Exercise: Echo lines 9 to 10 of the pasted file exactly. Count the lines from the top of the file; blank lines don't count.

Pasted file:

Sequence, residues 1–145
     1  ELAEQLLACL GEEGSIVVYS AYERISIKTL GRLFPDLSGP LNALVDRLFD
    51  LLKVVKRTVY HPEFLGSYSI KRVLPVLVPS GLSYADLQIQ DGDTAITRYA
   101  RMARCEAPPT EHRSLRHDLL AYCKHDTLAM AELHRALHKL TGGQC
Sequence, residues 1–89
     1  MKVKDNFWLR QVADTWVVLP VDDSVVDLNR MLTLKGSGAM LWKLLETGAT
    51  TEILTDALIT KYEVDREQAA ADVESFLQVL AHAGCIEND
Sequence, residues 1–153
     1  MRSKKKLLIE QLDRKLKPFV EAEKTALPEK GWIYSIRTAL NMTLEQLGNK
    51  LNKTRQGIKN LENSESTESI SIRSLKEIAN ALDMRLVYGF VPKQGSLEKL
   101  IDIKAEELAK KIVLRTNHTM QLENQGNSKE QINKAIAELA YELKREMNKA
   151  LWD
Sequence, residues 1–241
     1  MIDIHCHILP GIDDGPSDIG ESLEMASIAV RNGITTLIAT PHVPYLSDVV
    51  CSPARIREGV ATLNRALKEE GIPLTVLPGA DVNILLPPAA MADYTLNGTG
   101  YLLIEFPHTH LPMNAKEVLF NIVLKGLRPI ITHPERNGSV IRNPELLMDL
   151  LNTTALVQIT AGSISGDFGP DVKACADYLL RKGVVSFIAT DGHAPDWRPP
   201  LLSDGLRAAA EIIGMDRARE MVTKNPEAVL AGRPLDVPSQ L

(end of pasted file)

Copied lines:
     1  MRSKKKLLIE QLDRKLKPFV EAEKTALPEK GWIYSIRTAL NMTLEQLGNK
    51  LNKTRQGIKN LENSESTESI SIRSLKEIAN ALDMRLVYGF VPKQGSLEKL